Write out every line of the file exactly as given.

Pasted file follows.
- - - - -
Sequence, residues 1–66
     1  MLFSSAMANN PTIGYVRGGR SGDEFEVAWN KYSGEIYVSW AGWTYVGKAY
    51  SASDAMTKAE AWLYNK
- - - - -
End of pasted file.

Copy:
Sequence, residues 1–66
     1  MLFSSAMANN PTIGYVRGGR SGDEFEVAWN KYSGEIYVSW AGWTYVGKAY
    51  SASDAMTKAE AWLYNK